What Is Cardiac Cachexia?

The prognosis for people afflicted with cardiac cachexia as a result of cancer is very poor.
The presence of a tumor necrosis factor and cytokines in the blood may cause a chronic fever.
Patients with cardiac cachexia require close medical supervision.
Someone suffering from wasting disease will experience dramatic weight loss.
Symptoms of cardiac cachexia may include weakness.
Cardiac cachexia is commonly associated with the presence of chronic heart failure.
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  • Written By: Cindy Quarters
  • Edited By: Shereen Skola
  • Last Modified Date: 22 October 2015
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Cachexia refers to a type of wasting condition where the body loses lean muscle mass despite the intake of adequate nutrition. This can occur for many different reasons, including cancer and other serious chronic illnesses. Cardiac cachexia is the name given to this type of wasting illness that is commonly associated with the presence of chronic heart failure (CHF).

Sometimes referred to as wasting disease, exactly how cardiac cachexia is triggered is not clearly understood. It can occur in heart patients who have been stable for an extended period of time, and is typically discovered by observation of the person’s condition. A heart patient who loses 7.5% or more of his or her body weight over a period of six months most likely has this syndrome.

Part of the problem appears to be linked to poor blood circulation caused by the inefficient pumping of the heart. In some cases the presence of a tumor necrosis factor and cytokines in the blood promote inflammation and cause a chronic fever, resulting in a raised metabolism. People with this condition will burn many more calories that they would normally, resulting in the acceleration of the wasting process.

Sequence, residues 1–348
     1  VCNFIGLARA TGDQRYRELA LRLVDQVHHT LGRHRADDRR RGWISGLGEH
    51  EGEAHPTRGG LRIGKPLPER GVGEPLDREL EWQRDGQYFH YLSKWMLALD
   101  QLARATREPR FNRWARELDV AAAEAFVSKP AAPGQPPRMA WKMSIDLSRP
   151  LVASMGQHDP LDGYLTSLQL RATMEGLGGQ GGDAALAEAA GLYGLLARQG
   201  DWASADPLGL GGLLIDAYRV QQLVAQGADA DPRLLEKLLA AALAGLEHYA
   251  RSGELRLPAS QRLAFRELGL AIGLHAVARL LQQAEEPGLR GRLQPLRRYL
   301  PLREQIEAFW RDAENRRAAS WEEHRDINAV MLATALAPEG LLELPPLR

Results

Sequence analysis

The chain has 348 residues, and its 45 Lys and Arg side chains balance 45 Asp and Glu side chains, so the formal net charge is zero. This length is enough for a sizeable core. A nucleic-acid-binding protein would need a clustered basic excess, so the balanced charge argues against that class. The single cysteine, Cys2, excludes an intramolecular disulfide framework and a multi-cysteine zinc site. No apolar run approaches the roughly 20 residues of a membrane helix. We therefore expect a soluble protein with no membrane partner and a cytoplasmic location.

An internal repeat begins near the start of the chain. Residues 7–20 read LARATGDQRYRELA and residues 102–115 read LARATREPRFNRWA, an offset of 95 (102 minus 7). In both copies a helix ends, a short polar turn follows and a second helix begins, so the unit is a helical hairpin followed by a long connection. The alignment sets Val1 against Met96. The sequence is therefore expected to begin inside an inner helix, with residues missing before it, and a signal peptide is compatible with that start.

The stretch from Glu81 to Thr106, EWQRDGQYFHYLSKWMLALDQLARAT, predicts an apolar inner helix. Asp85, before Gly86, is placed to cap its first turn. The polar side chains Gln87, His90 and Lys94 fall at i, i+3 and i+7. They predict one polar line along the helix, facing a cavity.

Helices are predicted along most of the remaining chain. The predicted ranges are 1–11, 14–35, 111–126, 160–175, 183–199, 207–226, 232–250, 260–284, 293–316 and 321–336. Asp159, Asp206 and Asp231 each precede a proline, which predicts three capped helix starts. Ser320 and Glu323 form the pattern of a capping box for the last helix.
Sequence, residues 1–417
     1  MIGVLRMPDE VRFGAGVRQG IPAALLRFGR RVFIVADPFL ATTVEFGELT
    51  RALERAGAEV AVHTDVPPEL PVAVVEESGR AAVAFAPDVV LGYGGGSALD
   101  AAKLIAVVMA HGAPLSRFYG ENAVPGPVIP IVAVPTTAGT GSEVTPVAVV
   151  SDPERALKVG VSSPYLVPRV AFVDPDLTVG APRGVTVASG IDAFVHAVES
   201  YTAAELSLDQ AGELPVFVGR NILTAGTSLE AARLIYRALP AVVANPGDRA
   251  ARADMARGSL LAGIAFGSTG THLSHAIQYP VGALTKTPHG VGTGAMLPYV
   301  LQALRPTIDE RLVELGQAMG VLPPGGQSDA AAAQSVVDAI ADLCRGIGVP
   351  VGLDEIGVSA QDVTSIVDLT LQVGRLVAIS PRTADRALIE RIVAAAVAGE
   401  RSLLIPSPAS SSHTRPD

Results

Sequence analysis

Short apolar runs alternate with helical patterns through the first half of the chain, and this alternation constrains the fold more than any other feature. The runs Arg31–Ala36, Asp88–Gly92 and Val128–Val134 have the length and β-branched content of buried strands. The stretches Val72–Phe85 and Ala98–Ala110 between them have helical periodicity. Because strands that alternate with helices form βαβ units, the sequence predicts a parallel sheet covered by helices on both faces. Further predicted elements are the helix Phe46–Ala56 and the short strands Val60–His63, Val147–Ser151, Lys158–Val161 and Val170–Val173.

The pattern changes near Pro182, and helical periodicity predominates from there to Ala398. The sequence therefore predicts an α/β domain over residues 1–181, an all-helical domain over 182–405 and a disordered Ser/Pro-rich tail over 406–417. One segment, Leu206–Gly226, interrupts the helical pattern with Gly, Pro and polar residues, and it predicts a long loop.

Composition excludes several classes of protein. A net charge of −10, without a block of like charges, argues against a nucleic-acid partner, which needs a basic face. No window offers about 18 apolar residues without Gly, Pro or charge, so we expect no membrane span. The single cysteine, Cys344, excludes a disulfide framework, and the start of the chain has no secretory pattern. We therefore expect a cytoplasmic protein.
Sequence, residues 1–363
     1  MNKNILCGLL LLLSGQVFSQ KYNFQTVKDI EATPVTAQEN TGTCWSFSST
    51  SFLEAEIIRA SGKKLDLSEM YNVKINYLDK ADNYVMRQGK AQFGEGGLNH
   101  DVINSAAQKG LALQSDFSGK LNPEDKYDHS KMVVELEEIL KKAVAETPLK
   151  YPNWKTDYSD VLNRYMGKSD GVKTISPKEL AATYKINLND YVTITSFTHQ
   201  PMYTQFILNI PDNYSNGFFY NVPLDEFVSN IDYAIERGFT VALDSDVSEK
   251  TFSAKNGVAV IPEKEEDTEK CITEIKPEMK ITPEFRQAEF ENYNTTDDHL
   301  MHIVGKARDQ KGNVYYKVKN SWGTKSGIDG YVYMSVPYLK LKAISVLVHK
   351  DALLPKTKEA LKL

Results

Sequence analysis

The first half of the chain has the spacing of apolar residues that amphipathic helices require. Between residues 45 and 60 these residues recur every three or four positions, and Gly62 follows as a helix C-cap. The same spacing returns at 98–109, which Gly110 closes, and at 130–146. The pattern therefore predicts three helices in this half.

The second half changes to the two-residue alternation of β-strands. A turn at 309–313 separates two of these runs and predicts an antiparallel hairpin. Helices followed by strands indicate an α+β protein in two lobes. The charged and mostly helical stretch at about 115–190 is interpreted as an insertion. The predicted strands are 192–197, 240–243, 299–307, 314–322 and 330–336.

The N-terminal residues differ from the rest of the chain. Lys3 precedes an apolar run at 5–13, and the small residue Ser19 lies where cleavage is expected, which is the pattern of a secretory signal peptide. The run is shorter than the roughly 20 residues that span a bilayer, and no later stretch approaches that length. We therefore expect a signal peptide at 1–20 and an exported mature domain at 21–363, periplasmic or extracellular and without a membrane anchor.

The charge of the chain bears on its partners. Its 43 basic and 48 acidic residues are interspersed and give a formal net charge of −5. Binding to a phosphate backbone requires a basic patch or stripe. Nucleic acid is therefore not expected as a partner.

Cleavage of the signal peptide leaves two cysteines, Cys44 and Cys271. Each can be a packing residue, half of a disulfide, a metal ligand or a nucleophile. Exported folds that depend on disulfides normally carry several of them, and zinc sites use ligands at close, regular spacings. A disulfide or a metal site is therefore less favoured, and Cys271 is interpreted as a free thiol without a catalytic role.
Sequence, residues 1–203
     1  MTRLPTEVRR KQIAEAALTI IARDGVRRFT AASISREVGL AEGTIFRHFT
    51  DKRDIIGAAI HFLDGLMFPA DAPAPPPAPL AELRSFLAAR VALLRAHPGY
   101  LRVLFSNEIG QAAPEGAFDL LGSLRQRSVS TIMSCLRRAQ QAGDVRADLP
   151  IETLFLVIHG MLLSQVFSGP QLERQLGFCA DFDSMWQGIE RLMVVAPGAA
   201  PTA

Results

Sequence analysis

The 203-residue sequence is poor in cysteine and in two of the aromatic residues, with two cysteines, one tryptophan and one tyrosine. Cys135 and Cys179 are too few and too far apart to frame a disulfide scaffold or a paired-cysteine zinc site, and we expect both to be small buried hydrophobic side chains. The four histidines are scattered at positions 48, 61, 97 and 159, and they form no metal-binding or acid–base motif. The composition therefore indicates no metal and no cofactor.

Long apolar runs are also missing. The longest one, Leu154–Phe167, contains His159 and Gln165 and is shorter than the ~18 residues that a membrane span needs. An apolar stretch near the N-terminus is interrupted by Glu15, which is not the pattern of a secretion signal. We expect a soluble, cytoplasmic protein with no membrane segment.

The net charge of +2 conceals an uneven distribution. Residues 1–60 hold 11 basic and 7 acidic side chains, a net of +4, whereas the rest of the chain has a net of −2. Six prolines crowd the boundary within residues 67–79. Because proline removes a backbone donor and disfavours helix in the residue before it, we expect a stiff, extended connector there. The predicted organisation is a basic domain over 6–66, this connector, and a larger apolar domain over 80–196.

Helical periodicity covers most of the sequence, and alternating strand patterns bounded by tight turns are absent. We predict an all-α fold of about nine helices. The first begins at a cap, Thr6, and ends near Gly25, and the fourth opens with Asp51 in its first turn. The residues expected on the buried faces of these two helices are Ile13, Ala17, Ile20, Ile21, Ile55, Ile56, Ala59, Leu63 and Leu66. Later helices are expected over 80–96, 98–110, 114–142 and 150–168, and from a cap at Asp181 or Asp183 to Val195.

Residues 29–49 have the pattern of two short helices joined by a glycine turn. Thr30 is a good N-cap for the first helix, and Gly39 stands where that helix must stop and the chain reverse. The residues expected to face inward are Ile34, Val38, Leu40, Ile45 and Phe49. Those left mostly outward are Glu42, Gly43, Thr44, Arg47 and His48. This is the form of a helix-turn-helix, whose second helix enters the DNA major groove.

Among the effects of cardiac cachexia are the significant loss of muscle mass and other lean tissue, fat tissue, and bone mass. Patients typically become weak and fail to thrive independent of any other health problems, even if the CHF is being successfully treated. Usually a person with this syndrome becomes exhausted when trying to perform normal tasks and ultimately needs help with routine jobs as simple as personal care, housework, and cooking.

In some cases this syndrome may be associated with a very poor appetite, causing patients who are afflicted with cardiac cachexia to take in insufficient nutrients. Medications to stimulate the appetite may help the patient to eat more, but this rarely has a positive effect on the long-term outcome. This effect also holds true whether the person eats meals by mouth or is given supplemental feedings via an intravenous line or a gastric tube. Scientists believe that malabsorption in the intestines plays a significant role, rendering the body unable to adequately use nutrients.

The prognosis for those afflicted with cardiac cachexia is very poor. Treatment requires the ongoing use of medications to control edema, inflammation, and to promote the patient’s appetite. Immediate, intensive treatment can often prolong the victim’s life, but it requires close medical supervision in order to maintain the appropriate balance of drugs.


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